ROME // Claudio Ranieri, who was today officially named the new coach of Inter Milan, said his aim is to get the team back to playing their best again following their disastrous start under Gian Piero Gasperini.
Ranieri was speaking on a TV programme in the early hours of this morning before being official unveiled as Inter's new coach, signing a two-year deal until June 2013.
Now officially installed, Ranieri believes he can turn their fortunes around.
"Gasperini wanted to bring his own ideas [namely a back three], he tried to make it work at all costs and he didn't succeed," Ranieri told the Domenica Sportiva programme on Rai TV.
"I will try to get this team back to playing with all their force, as they used to know how."
Inter have lost four and drawn one of their five official matches this season and sit in the bottom three in Serie A, just 16 months after winning the Champions League.
Gasperini paid for that start when he was unceremoniously dismissed yesterday less than three months into the job.
"Gasperini didn't mess up, he has his footballing ideas. You have to congratulate him because he tried everything with his ideas."
Ranieri now intends talking with the players to try to find out what when wrong.
"Inter are a great team, they've had a false start. I need to speak with the whole squad to understand why," he said. "But I have to bring enthusiasm and change course because this team has everything necessary to turn it around.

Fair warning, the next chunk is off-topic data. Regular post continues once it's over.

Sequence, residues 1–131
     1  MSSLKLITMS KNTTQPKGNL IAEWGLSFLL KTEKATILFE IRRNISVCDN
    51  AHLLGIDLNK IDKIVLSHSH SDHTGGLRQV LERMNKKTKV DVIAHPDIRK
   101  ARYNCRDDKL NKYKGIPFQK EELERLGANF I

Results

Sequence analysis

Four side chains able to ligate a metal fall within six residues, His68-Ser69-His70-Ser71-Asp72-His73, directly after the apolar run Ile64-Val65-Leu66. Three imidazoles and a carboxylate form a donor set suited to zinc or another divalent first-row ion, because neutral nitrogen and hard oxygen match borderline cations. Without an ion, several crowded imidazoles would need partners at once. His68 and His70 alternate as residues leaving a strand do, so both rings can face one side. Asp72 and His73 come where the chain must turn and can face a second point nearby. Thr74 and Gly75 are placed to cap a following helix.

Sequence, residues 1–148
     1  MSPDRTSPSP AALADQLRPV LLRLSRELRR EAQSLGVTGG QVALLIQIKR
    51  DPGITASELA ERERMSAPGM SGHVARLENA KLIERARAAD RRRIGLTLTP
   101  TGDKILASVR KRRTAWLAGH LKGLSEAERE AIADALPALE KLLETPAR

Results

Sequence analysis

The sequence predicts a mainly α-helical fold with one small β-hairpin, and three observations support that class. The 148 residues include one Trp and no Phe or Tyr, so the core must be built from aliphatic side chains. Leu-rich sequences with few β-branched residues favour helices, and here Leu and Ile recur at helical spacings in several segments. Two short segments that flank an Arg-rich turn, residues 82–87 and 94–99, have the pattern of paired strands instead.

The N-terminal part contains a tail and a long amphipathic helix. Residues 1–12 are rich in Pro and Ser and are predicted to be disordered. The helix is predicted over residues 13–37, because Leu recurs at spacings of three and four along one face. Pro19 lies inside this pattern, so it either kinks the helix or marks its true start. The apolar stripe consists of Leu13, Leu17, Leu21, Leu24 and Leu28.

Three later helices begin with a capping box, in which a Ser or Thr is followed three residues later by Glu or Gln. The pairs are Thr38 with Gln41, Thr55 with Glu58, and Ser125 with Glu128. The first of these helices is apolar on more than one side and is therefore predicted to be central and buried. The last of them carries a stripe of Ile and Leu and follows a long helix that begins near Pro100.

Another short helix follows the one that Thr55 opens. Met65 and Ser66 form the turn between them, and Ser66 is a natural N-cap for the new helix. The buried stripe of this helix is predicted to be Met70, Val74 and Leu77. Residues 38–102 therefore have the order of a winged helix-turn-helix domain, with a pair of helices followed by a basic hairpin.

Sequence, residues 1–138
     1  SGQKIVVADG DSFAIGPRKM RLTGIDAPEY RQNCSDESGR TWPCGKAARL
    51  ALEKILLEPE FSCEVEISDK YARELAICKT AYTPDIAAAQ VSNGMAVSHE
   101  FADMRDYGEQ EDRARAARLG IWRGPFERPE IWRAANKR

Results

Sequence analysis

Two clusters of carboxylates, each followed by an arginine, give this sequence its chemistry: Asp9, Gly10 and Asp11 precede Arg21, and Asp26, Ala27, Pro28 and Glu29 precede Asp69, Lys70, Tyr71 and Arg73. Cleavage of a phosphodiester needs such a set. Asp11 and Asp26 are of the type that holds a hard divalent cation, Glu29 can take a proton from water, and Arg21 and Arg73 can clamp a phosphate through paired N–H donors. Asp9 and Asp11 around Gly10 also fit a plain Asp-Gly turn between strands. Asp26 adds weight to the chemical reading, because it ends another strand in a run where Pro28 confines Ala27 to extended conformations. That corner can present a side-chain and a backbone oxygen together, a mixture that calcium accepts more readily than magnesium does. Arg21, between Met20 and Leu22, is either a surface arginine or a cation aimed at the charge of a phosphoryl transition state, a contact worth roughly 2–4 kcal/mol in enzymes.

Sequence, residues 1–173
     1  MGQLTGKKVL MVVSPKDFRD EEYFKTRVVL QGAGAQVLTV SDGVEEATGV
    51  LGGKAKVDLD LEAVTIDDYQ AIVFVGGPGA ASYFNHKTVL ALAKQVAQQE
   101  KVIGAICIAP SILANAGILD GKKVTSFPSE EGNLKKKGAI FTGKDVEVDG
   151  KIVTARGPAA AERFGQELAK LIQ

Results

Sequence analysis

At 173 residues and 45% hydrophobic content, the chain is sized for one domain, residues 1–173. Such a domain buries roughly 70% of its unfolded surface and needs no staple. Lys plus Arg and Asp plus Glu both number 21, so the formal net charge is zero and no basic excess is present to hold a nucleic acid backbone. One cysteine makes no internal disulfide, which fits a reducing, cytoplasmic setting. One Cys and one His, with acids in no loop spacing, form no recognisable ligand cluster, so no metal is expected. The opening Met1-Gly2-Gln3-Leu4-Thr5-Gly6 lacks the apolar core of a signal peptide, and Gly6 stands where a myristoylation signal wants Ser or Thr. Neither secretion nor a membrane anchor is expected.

"I don't like promising that we will win this or that but I believe the lads still have a lot to give and they must prove that."
Ranieri is no stranger to this situation having taken over the reins at Roma two years ago in a similar position.
Roma had lost their opening two games of the season, after which Luciano Spalletti walked out and Ranieri took over, just a few months after he was fired by Juventus.
Although Roma initially struggled under him, he managed to take them on a 23-match unbeaten run which sent them top with four matches remaining.
However, a home defeat by Sampdoria let Jose Mourinho's Inter reclaim top spot and Ranieri's Roma had to settle for second place.
He believes that experience will help him resurrect this Inter side.
"That was an amazing ride, it was an exhilarating comeback. I'm very much a fatalist, we dreamed but it was written that we wouldn't manage it," he said.
Although he has coached some of the biggest teams in Italy, Spain and England, Ranieri has always been the nearly man.
Dubbed the "Tinkerman" by the British press for his constant chopping and changing of the Chelsea team, Ranieri's only trophies are an Italian Cup with Fiorentina in 1996 and a Spanish Cup with Valencia three years later.
He also coached Napoli, Atletico Madrid, Parma and Juventus.
His first match in charge will be against Bologna in Serie A on Saturday before travelling to Moscow in midweek to tackle CSKA in the Champions League.
"Everyone at Inter Milan has the pleasure to welcome Claudio Ranieri and his staff and wish them well," said an Inter statement.